Sarah Moe: [00:35:51] So that's unfair. But also we do have a lot of issues with bed partners. Bed partners are causing huge disturbances for a lot of people's sleep, and we've had to have some interesting conversations about what really matters the most. Now, if you've ever heard me speak, you know that I'm a huge advocate for separate sleeping rooms. You can be romantic with your partner and then go your separate ways. But a lot of people do feel like co-sleeping is something that is necessary to prove love or affection. But that is not the case. Historically, we did not co-sleep. It was so important for everybody in the household to get good sleep where it was. The families that were so poor that would co-sleep only for warmth. Other than that, our grandparents had separate beds for a reason. And now we got the invention of the Queen mattress in 1958 and they Mad Men style convinced everybody that they need to get a big bed or you don't love your spouse. And everybody started co-sleeping. That's when we got the start of sleep medicine because everybody was like, This isn't good.
Lunden Souza: [00:36:51] Now we know the root cause. But that cracks me up because my great grandparents, they passed away when I was like 15, 16. But at their house and their sleeping room, they had two separate beds, two just two single beds. And we were just, you know, as families, we're like grandkids in my aunt who would joke and be like, Oh, how do they have so many kids if they have separate beds? But it was funny because, yeah, they were much older and that. Probably just like what they did. It's like you were your partner, but you also love your sleep and you're sleeping. So it's like, how do you know that? They're like, what's going on really in their life at that moment anyways? But that's the visual I had. I'm like, okay, am I not knowing why they had separate beds also?
Sarah Moe: [00:37:29] Yes. And that was the common practice because of the importance of sleep. Now the likelihood of two people coupling together and having the exact same sleep habits basically 0% there's always the snorer or the kicker or the light sleeper or the early bird versus the night owl and your bed partner sleep is so rarely just like yours, and we are disturbing each other. So that's an important conversation to have as well, as long as it's a nice, open, kind conversation and not All right, said, I can kick you out. This is great because it might be let's get a king sized bed so we're not disturbing each other as much. Let's maybe you look at your plugs or I need it really dark. So the blackout shades or just have that conversation because your bed partner shouldn't be disturbing your sleep because that just leads to bad nights of sleep. Waking up in a bad mood, starting maybe with some resentment. You know, it's just it is really an important conversation to have.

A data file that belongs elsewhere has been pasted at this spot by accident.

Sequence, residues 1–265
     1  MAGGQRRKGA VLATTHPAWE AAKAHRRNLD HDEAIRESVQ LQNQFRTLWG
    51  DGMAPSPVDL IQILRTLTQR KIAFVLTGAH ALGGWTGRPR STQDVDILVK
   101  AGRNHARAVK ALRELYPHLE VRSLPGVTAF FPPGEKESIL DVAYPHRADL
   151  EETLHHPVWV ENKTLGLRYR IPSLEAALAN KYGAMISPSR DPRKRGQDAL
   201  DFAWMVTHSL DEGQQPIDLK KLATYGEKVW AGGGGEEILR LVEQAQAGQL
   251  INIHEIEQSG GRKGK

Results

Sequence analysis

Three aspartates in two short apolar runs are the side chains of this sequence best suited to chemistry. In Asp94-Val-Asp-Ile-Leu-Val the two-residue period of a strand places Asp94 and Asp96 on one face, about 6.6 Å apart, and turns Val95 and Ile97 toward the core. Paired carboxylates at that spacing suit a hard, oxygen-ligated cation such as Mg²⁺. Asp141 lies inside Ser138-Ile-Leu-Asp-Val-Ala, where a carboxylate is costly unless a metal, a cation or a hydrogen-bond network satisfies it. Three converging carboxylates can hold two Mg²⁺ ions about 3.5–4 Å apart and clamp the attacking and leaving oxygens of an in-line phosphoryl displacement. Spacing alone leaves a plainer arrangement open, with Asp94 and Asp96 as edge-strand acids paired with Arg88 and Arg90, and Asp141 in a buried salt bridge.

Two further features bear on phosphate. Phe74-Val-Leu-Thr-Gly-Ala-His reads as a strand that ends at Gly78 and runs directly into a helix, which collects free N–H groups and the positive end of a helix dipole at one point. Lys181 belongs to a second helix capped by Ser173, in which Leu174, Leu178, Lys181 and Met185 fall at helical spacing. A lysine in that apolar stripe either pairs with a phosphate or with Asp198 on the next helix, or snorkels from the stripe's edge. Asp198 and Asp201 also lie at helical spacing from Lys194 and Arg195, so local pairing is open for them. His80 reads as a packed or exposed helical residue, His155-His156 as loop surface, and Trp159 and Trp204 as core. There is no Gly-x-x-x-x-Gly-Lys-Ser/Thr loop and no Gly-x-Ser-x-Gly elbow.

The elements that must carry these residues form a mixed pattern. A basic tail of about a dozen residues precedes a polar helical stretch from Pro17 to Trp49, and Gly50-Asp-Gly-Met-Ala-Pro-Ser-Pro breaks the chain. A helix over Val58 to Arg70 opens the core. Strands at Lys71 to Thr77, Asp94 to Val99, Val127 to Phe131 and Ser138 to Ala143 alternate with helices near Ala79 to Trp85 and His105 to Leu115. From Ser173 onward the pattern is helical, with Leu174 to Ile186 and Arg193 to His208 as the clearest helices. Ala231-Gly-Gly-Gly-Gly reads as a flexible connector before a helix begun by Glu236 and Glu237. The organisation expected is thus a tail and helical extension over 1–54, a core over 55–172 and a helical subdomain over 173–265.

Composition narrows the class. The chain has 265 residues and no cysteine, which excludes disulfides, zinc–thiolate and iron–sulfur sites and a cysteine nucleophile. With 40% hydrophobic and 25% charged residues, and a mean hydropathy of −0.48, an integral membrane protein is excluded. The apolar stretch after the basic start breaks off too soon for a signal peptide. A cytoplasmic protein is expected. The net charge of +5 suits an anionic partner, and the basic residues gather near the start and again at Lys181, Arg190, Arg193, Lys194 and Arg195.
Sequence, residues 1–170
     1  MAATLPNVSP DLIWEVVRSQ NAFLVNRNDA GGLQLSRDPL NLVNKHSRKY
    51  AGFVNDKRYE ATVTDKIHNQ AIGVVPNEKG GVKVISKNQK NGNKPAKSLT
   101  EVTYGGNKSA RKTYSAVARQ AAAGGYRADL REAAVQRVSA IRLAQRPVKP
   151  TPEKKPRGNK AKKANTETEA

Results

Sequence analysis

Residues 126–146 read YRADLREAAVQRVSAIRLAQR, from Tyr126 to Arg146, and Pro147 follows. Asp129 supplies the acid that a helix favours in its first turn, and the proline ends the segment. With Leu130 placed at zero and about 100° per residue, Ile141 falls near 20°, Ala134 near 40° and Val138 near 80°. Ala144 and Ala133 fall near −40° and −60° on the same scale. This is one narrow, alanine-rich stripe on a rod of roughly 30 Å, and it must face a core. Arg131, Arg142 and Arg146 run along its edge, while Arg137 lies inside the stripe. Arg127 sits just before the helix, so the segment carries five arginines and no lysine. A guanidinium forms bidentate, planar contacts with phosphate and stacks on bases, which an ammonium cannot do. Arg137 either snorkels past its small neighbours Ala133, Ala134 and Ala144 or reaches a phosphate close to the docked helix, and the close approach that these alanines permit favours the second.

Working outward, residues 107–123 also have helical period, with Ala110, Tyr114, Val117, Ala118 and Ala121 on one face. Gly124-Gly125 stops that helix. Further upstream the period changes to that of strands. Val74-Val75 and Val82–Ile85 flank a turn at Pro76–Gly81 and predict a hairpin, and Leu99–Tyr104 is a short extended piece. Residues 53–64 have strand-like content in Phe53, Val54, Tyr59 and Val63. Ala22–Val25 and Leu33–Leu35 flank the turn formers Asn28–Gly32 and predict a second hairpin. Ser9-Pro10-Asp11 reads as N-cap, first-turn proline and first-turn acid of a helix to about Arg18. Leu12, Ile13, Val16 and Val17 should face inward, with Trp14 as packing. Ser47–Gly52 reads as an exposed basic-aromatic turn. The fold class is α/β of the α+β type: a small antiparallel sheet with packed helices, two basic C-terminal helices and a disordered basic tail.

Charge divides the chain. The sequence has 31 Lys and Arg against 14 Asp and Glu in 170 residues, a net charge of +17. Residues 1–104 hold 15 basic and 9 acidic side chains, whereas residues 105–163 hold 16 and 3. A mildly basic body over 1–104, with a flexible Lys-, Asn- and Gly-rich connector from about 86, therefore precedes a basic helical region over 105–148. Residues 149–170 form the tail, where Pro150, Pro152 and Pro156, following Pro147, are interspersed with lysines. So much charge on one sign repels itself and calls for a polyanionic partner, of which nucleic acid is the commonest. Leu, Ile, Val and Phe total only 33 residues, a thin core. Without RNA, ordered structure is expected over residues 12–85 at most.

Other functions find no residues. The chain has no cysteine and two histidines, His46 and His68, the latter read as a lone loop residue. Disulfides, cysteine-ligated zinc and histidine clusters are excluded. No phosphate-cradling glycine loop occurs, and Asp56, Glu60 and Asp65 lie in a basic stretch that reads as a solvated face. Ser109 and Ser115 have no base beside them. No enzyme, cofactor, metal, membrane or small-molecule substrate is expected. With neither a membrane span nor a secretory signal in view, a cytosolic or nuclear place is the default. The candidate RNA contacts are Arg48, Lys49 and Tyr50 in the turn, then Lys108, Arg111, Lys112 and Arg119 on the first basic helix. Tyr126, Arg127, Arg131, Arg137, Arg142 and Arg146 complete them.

Lunden Souza: [00:38:24] Yes. Yes. I mean, yeah. And conversation and communication with our bed partners and relationships, I feel like is so powerful and so important. And yeah, if you're waking up groggy and in a bad mood and another vicious cycle, I think you know, just a slight goodnight and into the other room or into the other bed can be so helpful. The last question I want to ask or just want to kind of get your input on is like sleep technology. So like I'm wearing the aura ring. I mainly use it to track sleep and monitor those things. We have a bed that you can like separate, so one side can be colder or warmer than the other to kind of customize it. This that also tracks your sleep and has like an app that tells you how much you moved and blah blah, blah, yay or nay in or out. What do you say about this?